"If you feel stressed or troubled, I want you to call the psychiatrist or the probation officer," Judge Shaifuddin told the teen, who nodded in acknowledgement.
"If you breach the condition, you will be back before me and I will have to deal with you. I hope we do not have to come to that. I know you can do it."
Mandy is scheduled for a court review on Nov 29.
Outside the court, James appeared relieved that the judge had decided for him what is best for his daughter, even though he will not be able to stop worrying about her.
He told TNP: "My wife works long hours as a dish collector at a foodcourt and my son is studying for an engineering degree in a local university. I need to work to support my family. But I will do all I can to protect my little girl."
Last night, a chirpy Mandy told TNP over the phone that she was happy to be able to go home with her father on thursday.
"After I was released, I went home for a hot bath, then my father took me out for a haircut. And I had my favourite steak for dinner," said Mandy in Mandarin.
"I am grateful to the judge for the chance to start life afresh."
Don't nag or scold, just listen, say psychologists
Don't nag or scold, just listen, say psychologists
One of the best things to do when dealing with a chronically suicidal family member is to listen.
Don't nag, advise or scold them.
If family members cannot refrain from nagging or berating him, they should get a neutral third party - a counsellor, a relative or close friend - to communicate with the suicidal family member, counsellors told The New Paper.
Said Singapore Children's Society's youth services director, Dr Carol Balhetchet: "Ask one question and wait for the information to come. It may not come immediately, so be patient.
"Sometimes, parents just want to talk and advise, and when there is no change in the situation, they say, 'Aiyah, my child is a problem.'"
Agreeing, psychologist Daniel Koh of private practice Insights Mind Centre, said: "A lot of times, the family doesn't understand the person and they put expectations on the victim.
"Let it go. Instead, listen.
"You don't have to talk. Just be there for them."
To do this, you have to create the environment or opportunity, said Dr Balhetchet, a clinical psychologist.
One way would be to start going for walks together and making the walks a "habit".
"Let the person talk. The silence might be awkward, never mind, one day you'll get an answer," she said.
Agreeing, Mr Koh said it was important to give the suicidal family member a "sense of support, so that he or she will feel safe".
Said Mr Koh: "Suicidal people are very sensitive.
"They can tell if you're pretending or genuine, so if you can't stop yourself from scolding them, get a neutral third party who will not judge or label them."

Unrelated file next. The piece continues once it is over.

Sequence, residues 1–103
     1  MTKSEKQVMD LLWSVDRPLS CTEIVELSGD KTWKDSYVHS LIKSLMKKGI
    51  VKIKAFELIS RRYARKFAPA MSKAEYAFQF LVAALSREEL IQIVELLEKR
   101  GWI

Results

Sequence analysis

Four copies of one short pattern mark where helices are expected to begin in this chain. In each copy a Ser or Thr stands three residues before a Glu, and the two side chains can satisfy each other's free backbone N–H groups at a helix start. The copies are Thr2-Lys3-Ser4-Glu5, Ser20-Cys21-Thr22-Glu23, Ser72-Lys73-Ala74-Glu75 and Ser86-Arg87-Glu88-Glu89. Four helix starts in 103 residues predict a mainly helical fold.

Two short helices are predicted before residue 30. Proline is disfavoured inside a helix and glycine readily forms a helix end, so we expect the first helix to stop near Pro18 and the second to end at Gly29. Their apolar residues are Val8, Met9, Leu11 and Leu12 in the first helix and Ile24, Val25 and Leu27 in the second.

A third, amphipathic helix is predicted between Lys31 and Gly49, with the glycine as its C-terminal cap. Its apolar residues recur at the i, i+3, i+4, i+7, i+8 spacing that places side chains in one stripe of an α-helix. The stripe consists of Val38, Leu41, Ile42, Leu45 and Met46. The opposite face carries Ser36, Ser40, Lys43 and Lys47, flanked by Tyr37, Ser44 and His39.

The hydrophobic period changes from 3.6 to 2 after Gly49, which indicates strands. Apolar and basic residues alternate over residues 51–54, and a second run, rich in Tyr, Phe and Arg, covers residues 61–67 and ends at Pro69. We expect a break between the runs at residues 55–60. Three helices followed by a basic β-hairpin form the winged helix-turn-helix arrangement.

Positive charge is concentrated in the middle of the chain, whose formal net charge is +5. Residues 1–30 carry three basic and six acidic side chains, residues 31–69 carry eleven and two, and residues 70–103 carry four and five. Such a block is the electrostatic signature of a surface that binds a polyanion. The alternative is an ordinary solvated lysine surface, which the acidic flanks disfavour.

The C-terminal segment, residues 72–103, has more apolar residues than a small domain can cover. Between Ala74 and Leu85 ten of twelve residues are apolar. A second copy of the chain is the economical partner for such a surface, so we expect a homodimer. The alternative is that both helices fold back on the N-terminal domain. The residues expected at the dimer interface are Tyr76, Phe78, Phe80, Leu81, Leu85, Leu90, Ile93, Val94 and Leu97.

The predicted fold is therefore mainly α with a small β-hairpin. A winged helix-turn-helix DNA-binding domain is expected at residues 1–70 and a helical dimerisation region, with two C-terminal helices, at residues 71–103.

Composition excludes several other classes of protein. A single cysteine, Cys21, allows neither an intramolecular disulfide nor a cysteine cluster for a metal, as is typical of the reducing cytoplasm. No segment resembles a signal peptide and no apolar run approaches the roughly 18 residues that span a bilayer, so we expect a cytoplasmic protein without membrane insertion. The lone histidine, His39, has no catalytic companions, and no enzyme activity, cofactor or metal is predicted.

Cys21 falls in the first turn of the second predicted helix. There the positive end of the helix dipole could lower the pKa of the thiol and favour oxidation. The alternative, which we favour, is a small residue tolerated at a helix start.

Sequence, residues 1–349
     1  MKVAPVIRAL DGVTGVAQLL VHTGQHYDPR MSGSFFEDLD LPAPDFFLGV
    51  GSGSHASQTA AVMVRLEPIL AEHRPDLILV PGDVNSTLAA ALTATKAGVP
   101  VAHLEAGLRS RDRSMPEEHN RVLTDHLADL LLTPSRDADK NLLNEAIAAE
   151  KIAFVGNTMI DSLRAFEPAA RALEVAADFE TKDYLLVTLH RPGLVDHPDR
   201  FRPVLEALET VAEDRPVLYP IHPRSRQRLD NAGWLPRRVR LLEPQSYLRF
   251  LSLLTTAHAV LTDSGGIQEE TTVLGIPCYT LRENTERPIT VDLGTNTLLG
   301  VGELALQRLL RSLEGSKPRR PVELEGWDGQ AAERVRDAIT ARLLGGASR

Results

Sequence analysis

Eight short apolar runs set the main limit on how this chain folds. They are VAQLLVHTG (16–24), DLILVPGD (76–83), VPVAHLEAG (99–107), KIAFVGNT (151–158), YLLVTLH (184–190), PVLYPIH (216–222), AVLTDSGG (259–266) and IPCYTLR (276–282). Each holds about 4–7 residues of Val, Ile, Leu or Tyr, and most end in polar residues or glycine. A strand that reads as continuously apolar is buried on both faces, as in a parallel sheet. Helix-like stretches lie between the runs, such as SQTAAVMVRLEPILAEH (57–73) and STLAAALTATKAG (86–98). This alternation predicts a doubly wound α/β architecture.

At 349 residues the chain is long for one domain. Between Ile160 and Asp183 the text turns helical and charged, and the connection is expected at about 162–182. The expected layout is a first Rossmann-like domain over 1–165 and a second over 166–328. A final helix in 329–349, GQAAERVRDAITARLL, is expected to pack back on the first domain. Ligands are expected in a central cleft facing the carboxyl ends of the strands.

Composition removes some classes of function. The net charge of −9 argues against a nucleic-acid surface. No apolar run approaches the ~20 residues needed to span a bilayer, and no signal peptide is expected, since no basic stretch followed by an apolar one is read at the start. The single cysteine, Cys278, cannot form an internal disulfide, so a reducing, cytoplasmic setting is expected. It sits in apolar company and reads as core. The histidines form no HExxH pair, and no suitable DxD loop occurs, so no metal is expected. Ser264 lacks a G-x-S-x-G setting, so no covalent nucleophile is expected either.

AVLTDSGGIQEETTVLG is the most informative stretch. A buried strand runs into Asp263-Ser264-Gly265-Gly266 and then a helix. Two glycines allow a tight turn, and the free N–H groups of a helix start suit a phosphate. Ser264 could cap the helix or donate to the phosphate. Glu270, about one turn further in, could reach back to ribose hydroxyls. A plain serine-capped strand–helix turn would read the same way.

Mr Koh noted that often, families start out with "a lot of concern", then after multiple suicide attempts, they get "numb".
He said: "They get frustrated and even threaten the person to snap out of it without understanding the cause of the problem.
"This could make the person depressed and the person could revert to taking drastic measures."
On the rise
Suicide attempts are on the rise here, although statistics from the Samaritans of Singapore (SOS) indicate that the number of people who succeed in their bids is falling, The Straits Times reported.
In 2010, 966 people were arrested for attempting suicide, up from 842 the year before.
SOS figures calculated the suicide rate here to be 7.85 suicides for every 100,000 people in 2010, down from 9.35 in 2009.
Overall, 353 people killed themselves here in 2010 and 401 did so the year before.
Dr Brian Yeo, a consultant psychiatrist at Mount Elizabeth Medical Centre, told The New Paper that families of chronically suicidal family members are often "caught in a bind".
He said: "Do they react every time he or she threatens to commit suicide? Do they keep watch over them or is this just a cry for help?
"But then again, just because he or she didn't commit suicide the first two times, doesn't mean it won't happen on the third."
One way to judge whether the suicide threat is serious is to look at the attempt itself, Dr Yeo said.
For instance, did the person take just a few pills or was it an overdose?
Did the person slit his wrists or try to jump off a building? These are serious indicators, he said.
The other important gauge is whether the suicide attempt was planned.
"Did they buy certain things before the event, like bleach? Did they leave a note? Did they try to avoid the discovery of their intentions?" he said.
But these are just a guide, Dr Yeo stressed.
All three experts advise family members that the safety of the suicidal family member is paramount and to call the authorities for help when dealing with a suicide attempt.
Samaritans of Singapore: 1800-221-4444
Singapore Association for Mental Health: 1800-283-7019
Care Corner Mandarin Counselling Centre: 1800-353-5800